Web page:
The Irish, faced with inflated rents charged by absentee landlords who often demanded rents higher than the peasant farmers earned, could not support theselvs. Then came the Poor-Laws of 1838, which initiated Work Houses for those who could not meet English demands for money.

Despite all that England did to suppress manufacturing, Ireland was rich in other resources, including metal. Mining in Ireland, like in Cornwall, began in the bronze age, and there is much historical evidence to suggest that it was the Irish who taught the Cornish the skill of mining.

Those miners who could afford to emigrate, did. In large numbers. Many of them set their hopes on the United States, and when the Lake Superior copper district was opened to mineral mining in 1843, many began arriving in the new mining district. It was in 1845 that Irish migration to America became a flood.

The potato famine that struck Cornwall in that year also struck all of Europe, but Ireland, again, suffered the most. Potatoes grew well in Irish soil, they were cheap to produce, and were the staple of the Irish poor. With the loss of potatoes, the unaffordable prices of grains and cereals, thousands of people soon died of starvation. This, while the English continued to export Irish produce to England and overseas.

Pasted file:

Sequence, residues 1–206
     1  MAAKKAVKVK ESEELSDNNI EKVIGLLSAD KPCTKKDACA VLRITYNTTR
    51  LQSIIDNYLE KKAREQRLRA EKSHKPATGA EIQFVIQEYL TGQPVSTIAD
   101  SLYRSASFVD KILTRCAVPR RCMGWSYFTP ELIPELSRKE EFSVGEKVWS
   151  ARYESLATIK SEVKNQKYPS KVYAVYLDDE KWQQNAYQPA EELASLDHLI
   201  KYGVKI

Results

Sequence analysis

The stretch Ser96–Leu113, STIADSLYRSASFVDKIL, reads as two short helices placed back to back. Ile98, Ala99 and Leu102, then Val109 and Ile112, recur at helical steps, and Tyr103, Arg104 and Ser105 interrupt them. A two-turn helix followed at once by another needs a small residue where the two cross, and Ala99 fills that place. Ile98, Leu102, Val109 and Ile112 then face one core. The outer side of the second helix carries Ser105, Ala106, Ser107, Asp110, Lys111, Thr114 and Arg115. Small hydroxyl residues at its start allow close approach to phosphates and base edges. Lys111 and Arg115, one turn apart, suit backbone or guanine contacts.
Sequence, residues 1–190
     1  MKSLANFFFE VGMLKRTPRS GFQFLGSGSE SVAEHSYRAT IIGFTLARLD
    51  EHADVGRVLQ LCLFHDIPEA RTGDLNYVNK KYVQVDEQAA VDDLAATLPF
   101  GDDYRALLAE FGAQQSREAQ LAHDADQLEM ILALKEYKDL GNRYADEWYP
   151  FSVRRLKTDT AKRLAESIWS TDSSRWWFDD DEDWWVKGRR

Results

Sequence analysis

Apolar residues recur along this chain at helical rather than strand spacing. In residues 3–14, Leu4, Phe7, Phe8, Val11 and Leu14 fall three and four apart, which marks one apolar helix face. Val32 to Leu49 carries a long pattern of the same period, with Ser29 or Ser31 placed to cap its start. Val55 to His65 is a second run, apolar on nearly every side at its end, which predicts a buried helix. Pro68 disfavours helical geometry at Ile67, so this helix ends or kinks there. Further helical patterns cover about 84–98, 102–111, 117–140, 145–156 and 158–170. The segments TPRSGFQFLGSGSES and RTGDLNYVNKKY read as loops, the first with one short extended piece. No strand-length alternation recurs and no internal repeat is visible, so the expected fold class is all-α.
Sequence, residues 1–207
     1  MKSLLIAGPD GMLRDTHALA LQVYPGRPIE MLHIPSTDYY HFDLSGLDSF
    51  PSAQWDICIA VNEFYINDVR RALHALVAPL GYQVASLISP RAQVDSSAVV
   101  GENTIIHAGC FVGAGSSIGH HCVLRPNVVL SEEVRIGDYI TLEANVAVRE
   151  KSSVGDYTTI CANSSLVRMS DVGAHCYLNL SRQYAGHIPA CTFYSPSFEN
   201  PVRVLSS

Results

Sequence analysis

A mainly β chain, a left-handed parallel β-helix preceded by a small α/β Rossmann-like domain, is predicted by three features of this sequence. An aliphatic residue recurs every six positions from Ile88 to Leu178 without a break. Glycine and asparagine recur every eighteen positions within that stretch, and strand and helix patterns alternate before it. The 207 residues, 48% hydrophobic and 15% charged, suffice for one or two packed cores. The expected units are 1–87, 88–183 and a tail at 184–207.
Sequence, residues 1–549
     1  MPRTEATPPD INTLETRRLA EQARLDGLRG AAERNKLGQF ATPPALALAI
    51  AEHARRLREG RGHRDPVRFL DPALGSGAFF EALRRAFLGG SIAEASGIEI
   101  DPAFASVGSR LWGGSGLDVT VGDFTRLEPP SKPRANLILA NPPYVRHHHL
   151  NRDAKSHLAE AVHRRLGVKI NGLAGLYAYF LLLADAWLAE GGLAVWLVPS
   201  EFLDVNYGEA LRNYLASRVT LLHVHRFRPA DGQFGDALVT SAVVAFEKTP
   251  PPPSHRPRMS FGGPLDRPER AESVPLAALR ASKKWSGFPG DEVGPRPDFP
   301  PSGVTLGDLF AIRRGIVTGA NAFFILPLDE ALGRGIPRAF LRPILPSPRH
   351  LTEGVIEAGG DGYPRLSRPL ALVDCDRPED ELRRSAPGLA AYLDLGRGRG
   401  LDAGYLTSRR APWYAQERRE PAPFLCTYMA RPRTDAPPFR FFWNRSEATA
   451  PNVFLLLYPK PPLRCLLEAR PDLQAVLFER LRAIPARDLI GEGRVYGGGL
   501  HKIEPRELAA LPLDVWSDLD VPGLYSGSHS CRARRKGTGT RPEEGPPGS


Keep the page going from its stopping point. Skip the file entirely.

During the famine, which lasted from 1845 to 1849, approximately one million Irish died of starvation, disease and sickness. Another million emigrated, and Ireland’s population plummeted between 20 and 25 percent.

One Irish immigrant in America, wrote a letter to the London Times in1850, which encouraged Irish citizens to emigrate.

“I am exceedingly well pleased at coming to this land of plenty,” the letter stated. “On arrival I purchased 120 acres of land at $5 an acre. You must bear in mind that I have purchased the land out, and it is to me and mine an ‘estate for ever’, without a landlord, an agent or tax-gatherer to trouble me. I would advise all my friends to quit Ireland — the country most dear to me; as long as they remain in it they will be in bondage and misery.”

The Irish joined the Cornish, and German, immigrants in becoming the pioneer settlers of the Lake Superior copper district, bringing with them vast amounts of knowledge and experience in technology, acquired from the British Industrial Revolution, which had begun in Cornwall.

They brought something else to the the copper district, something just as important as mining and milling expertise. They brought with them a determination to build a community that included freedom of worship, the right to purchase land. The right to an honest day’s labor for an honest day’s wage.

The Irish immigrants, who had suffered far more under English rule than had the Cornish, sought America because its Constitution limited the power of government, and guaranteed the rights of freedom denied to Great Britain and Ireland citizens. While not many Cornish became naturalized citizens by comparison, countless Irish did.